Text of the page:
Cassie Scot: ParaNormal Detective
Cassie Scot: Paranormal Detective is the first book in a new urban fantasy series from award-winning author Christine Amsden. Cassie is the daughter of two powerful sorcerers, although she has no magical powers of her own. Caught between two worlds, she’ll have to decide where she truly belongs. The author stops by to fill us in on the origination of Cassie Scot.
Cassie came to me, I didn’t go to her.
I finished The Immortality Virus late in the fall of 2008, and though I took pride in my second novel, I felt worn out (creatively). When the new year came, bringing with it the opportunity for all kinds of writerly resolutions, I decided I needed to take the year off. I would read, blog, journal, but otherwise give my muse time to heal.
I didn’t make it a year. It turns out, I really am a writer. Writers write. We can’t not write. Taking the pressure off my muse did turn out to have been a great idea, but putting a time frame on it was a bit naive.
Cassie came to me in mid-February, as I played on the floor with me (then) 9-month-old daughter. I won’t go so far as to say she popped into my head fully formed, but it was close. I sat bolt upright, my eyes probably doing that cartoon bulge, as a light bulb appeared over my head.
What if… What if the hero of a fantasy story was the only one in it without magic?
I wrote the first line of the story as soon as my daughter went down for a nap. It read: “My parents think the longer the name, the more powerful the sorcerer, so they named me Nicolas Merlin Apollonius Roger Scot. You can call me Nick.”
Okay, so it needed work. It didn’t take me long to realize I wanted a female heroine. Nicolas (who does not go by Nick and might set you on fire if you tried) became the oldest of Cassie’s siblings.
After that, Cassie told me new things about herself every day. I had a rough draft by the end of June.
Christine was kind enough to give us a bonus to share with Shelf Pleasure readers, a deleted scene from the book!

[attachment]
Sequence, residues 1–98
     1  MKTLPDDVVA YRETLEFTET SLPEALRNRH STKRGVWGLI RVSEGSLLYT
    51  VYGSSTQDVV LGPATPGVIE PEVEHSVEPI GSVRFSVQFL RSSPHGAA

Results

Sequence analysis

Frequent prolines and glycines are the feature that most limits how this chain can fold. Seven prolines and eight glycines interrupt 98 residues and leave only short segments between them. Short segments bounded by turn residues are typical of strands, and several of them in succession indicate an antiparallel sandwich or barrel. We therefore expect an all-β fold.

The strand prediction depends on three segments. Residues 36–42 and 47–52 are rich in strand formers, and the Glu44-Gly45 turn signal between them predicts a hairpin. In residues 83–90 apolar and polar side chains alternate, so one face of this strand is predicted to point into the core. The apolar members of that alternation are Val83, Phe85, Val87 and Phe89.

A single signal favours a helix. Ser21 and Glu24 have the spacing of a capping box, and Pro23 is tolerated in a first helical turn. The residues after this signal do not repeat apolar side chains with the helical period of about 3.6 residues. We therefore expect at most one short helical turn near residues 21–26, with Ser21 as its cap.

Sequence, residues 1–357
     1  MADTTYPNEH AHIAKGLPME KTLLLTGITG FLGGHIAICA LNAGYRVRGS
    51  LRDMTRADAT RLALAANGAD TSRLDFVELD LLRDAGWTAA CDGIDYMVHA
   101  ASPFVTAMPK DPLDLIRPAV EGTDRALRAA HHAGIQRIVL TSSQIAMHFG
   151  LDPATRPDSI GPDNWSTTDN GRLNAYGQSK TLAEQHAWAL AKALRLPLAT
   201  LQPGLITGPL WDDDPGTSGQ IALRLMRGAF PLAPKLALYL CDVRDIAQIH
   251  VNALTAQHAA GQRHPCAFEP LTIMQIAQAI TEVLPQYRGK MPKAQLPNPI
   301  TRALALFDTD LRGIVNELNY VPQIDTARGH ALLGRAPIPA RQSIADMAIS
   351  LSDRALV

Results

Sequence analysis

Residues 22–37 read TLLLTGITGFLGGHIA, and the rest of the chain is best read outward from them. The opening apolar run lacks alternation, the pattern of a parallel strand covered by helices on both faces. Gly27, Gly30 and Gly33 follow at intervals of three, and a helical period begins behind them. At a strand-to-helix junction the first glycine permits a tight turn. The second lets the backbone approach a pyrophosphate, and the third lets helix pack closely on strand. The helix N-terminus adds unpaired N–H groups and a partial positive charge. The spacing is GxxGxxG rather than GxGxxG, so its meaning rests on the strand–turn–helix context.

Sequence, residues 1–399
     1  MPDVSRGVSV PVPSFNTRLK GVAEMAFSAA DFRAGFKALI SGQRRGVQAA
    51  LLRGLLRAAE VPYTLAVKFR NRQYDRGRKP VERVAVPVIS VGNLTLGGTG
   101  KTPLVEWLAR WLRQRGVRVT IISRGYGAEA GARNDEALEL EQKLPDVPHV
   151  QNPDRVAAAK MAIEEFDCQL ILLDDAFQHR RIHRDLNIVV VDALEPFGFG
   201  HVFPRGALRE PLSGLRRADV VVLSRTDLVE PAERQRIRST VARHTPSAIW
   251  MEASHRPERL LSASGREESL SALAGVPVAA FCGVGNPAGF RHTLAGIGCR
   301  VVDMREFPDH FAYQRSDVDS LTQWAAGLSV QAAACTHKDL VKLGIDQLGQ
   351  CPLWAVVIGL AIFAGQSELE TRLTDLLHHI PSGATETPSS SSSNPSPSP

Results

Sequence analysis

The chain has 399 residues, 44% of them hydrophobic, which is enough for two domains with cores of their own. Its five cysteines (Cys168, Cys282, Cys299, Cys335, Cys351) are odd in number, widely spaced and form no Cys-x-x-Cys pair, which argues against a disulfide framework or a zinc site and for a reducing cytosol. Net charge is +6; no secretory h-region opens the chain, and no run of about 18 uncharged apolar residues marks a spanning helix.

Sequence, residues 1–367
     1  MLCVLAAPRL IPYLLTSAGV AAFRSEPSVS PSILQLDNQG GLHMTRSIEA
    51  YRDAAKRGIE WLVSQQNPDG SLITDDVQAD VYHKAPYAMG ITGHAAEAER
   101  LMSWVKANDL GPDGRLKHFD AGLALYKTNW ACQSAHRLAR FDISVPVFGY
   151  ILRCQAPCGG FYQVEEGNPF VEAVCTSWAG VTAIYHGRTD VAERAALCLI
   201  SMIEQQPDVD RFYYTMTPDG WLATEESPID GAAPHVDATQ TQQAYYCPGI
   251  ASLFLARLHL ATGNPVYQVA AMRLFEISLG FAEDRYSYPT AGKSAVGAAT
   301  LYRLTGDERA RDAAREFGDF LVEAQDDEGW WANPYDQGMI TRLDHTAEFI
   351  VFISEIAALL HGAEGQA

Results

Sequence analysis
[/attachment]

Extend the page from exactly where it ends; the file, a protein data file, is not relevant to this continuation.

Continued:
A couple of years ago, when I was attending a local junior college, I had a friend named Jen who loved to read fantasy novels. Despite her best efforts, she never got me to read them, but she loved to tell me all about the adventures of sword and sorcery and, to a lesser extent, tales of modern fantasy.
I told her stories about my family, too. On more than one occasion she would burst out laughing and tell me I ought to write my ideas down.
I guess she never actually believed that I come from a long line of sorcerers. Considering how normal I turned out, I suppose I can’t blame her.
One day, as we were chatting after class, my mom sent me a text message asking if I could pick up a couple dozen eggs on the way home from school. I mentioned the message to Jen, who got an oddly pensive look on her face. Then she said, “If your mom’s a sorcerer, why’s she texting you?”
I drew a blank. “Because she’s out of eggs?”
“No,” Jen said, “I mean, doesn’t magic cause modern things to break or something?”
“Why would it do that?” I suspected that whatever she was on about had something to do with the books she liked to read. Though I’d never been interested in those types of stories myself, I was truly intrigued by the idea that magic and modern technology might not work well together.
“Well, because magical energy and things like electricity might interfere with one another.”
“You are aware that our bodies send out lots of electrical impulses, right? I mean, it’s just a force of nature, like heat or sound.” I was picturing someone having a heart attack every time they managed to cast a spell.
Jen frowned. “I hadn’t thought of that. I guess it’s not electricity, then, just modern gadgets.”
“So what, anything invented after 1353?”
“All right, all right, I get it,” Jen said. “But why would a sorcerer use a text message when she’d have magical alternatives?”
“You mean, like a journey book, where she writes a message on her end and it shows up on mine?”
“Yeah, something like that.”
“Well,” I said, drawing out the answer for effect, “I guess it’s because a journey book requires human blood and the cell phone company just wants a two year contract and a monthly service fee.”
Christine Amsden has been writing science fiction and fantasy for as long as she can remember. She loves to write and it is her dream that others will be inspired by this love and by her stories. Speculative fiction is fun, magical, and imaginative but great speculative fiction is about real people defining themselves through extraordinary situations. Christine writes primarily about people and it is in this way that she strives to make science fiction and fantasy meaningful for everyone.
At the age of 16, Christine was diagnosed with Stargardt’s Disease, a condition that effects the retina and causes a loss of central vision. She is now legally blind, but has not let this slow her down or get in the way of her dreams. (You can learn more here.) In addition to writing, Christine teaches workshops on writing at Savvy Authors. She also does some freelance editing work.
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